I'll be honest, I have always viewed tattoos as defiling the body, mostly because I'm too scared to pick out an image and think I can't change my mind on that when I'm 55 years old...I'm not so sure any choice outside of marriage is that for sure for me. I change my mind way too much.
So here is what President Hinckley said:
And here are some arguments made by church members (in the New Era article):“Now comes the craze of tattooing one’s body. I cannot understand why any young man—or young woman, for that matter—would wish to undergo the painful process of disfiguring the skin with various multicolored representations of people, animals, and various symbols. With tattoos, the process is permanent, unless there is another painful and costly undertaking to remove it. … A tattoo is graffiti on the temple of the body.
“Likewise the piercing of the body for multiple rings in the ears, in the nose, even in the tongue. Can they possibly think that is beautiful? It is a passing fancy, but its effects can be permanent. Some have gone to such extremes that the ring had to be removed by surgery. The First Presidency and the Quorum of the Twelve have declared that we discourage tattoos and also ‘the piercing of the body for other than medical purposes.’ We do not, however, take any position ‘on the minimal piercing of the ears by women for one pair of earrings’ ” (Ensign, Nov. 2000, 52).
For a religion where we have lots of symbolism, are there tattoos that are helpful to someone remembering spiritual things? Even if the symbols are "spiritual"...is putting them on the body just wrong in all accounts?The biggest danger from body piercing or tattoos may not be the object itself. The biggest danger is where these things can lead. Will this pull you into situations that you should avoid? Will it introduce you to a circle of friends that are better left alone, such as a gang? Is your attitude toward spiritual things changed? Does it open up opportunities for other types of more serious rebellion?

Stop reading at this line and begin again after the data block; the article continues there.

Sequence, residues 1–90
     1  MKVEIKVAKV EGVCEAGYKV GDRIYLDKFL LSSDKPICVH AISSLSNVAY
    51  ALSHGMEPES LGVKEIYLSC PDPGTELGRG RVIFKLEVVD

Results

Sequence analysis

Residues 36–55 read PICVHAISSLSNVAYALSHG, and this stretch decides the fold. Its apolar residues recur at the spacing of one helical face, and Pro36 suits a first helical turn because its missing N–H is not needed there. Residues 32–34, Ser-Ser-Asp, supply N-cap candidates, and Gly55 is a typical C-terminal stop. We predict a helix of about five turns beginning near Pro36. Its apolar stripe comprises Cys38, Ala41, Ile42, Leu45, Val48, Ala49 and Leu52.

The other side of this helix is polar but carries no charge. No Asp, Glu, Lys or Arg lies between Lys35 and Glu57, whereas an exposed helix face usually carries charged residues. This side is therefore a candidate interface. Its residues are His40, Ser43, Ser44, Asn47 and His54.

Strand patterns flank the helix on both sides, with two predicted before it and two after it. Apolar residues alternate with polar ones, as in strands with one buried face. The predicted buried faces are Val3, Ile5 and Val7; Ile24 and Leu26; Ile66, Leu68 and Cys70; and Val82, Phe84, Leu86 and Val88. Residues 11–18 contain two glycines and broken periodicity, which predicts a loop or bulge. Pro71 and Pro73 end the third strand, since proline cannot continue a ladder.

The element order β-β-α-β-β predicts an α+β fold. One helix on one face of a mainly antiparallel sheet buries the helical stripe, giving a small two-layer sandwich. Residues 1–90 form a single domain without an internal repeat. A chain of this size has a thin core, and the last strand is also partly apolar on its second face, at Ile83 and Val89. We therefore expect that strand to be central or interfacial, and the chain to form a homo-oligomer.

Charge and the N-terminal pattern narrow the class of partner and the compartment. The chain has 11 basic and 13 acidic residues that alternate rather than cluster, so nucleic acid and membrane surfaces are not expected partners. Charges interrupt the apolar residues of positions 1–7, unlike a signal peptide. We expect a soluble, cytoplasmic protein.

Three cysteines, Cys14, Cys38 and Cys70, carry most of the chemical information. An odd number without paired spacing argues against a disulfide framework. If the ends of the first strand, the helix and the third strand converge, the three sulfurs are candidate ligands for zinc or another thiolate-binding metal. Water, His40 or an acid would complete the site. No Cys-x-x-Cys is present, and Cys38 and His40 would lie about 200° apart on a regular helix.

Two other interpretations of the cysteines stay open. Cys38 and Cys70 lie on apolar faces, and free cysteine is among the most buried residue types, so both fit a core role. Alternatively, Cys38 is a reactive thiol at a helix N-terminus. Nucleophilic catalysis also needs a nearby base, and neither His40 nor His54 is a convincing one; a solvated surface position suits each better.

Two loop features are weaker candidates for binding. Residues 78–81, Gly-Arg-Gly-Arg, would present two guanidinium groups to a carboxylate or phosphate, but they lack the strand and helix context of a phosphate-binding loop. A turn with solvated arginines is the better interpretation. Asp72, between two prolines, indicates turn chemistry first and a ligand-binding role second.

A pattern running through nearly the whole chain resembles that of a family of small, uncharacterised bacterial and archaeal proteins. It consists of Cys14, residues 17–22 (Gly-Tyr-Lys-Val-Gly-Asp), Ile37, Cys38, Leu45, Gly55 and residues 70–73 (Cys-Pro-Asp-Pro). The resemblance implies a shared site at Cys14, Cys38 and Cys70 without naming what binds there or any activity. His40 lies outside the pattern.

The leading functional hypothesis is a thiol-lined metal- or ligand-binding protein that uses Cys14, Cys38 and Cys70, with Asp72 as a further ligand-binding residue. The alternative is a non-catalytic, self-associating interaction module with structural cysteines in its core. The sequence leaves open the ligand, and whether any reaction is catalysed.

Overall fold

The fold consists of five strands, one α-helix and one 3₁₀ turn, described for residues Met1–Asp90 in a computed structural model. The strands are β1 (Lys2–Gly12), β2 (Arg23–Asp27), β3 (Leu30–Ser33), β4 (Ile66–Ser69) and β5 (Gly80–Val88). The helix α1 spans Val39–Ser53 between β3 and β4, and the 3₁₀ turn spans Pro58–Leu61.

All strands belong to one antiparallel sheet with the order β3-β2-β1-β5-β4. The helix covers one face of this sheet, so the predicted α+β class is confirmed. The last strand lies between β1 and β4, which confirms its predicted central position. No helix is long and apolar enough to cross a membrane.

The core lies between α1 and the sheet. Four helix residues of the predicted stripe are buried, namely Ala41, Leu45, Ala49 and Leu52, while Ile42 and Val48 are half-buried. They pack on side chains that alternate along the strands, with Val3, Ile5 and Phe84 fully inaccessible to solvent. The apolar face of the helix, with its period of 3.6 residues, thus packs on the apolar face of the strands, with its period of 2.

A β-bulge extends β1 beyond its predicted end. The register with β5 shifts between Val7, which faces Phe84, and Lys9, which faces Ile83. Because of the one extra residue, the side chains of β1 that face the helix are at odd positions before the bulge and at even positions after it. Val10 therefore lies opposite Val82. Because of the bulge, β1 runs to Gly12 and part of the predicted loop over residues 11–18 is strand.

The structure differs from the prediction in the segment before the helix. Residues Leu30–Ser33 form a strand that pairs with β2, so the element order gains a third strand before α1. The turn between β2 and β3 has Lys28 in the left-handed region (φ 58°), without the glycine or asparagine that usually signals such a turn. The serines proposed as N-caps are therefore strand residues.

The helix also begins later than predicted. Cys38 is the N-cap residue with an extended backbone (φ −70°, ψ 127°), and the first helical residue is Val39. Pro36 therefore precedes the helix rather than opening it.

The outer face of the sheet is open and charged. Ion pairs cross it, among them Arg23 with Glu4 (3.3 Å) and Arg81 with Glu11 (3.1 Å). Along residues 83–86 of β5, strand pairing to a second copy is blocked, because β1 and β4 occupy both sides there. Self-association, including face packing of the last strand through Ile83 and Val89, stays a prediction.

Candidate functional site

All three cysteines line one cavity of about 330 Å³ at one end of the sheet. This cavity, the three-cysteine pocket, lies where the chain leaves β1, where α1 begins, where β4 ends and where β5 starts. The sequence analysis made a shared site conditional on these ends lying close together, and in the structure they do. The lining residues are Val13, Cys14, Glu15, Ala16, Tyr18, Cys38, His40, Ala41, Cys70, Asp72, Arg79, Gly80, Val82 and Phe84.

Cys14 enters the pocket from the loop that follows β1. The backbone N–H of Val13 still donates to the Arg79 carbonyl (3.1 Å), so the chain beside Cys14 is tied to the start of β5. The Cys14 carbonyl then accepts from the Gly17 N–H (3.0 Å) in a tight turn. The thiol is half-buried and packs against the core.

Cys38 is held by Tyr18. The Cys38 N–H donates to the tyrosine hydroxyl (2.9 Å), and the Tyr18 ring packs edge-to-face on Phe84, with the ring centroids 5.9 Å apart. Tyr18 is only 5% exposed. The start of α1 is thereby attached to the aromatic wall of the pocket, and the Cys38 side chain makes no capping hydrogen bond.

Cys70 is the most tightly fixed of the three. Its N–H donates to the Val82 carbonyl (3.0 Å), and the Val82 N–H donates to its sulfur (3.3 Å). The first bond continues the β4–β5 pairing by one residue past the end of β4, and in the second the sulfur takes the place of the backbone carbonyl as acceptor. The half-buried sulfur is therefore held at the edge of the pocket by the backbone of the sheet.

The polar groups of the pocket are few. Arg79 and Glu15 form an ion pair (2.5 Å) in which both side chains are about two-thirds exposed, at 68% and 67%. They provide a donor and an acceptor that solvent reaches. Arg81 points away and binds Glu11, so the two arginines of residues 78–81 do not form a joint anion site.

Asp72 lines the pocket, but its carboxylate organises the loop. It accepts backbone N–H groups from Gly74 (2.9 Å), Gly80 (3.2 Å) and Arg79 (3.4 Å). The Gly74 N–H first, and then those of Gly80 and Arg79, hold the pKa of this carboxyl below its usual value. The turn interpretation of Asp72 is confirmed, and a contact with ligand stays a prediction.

When asked about the reasons for his gauged ears and pierced tongue, one young man says, “I was just curious. Now, it’s my play toy,” referring to his habit of clicking the barbell through his tongue against his teeth. His tongue piercing, however, has also affected his speech.
When pressed a little more, he admits his piercings convey an inaccurate image of what he is really like. “My teachers confronted me and said I was quite a surprise. They said I wasn’t anything like the way I look. They had been expecting the worst. Some people assumed I didn’t want to graduate.”
His body piercings have affected his relationship with some friends and their parents as well as his ability to get jobs. “My friend’s dad asked me, ‘Why the change of heart?’ He won’t let me hang around with his son, my friend, as much. We were supposed to room together at college, but his dad won’t let him.”
This young man has also been turned down for jobs he has applied for, and he knows that there are certain places of business that won’t even accept his application.
Why make things more difficult for himself? This young man just shrugs off the idea that his choice has affected his life, although he does not have a difficult time listing the areas in which his choice has actually made things harder.
Janet Thomas, “More Than Skin Deep,” New Era, Feb 2001, 44
When I watch the NBA, I tell my son all their tattoos are too much (OK, Kenyon Martin's lips tattoo on his neck has to be the worst ).
I like to advise youth to be wise that many fads today are regretful later, but do tattoos really have any negative bearing on a person's spirituality, because in the New Era magazine quoted above, it seems to me the problem is more around people judging others unfairly. The church seems to glaze over that and just tell the individual not to provoke those things from others.
So I'm against tattoos personally...but not for the reasons mentioned by the church sources that I've read. What do you all think? Are Tattoos Taboo?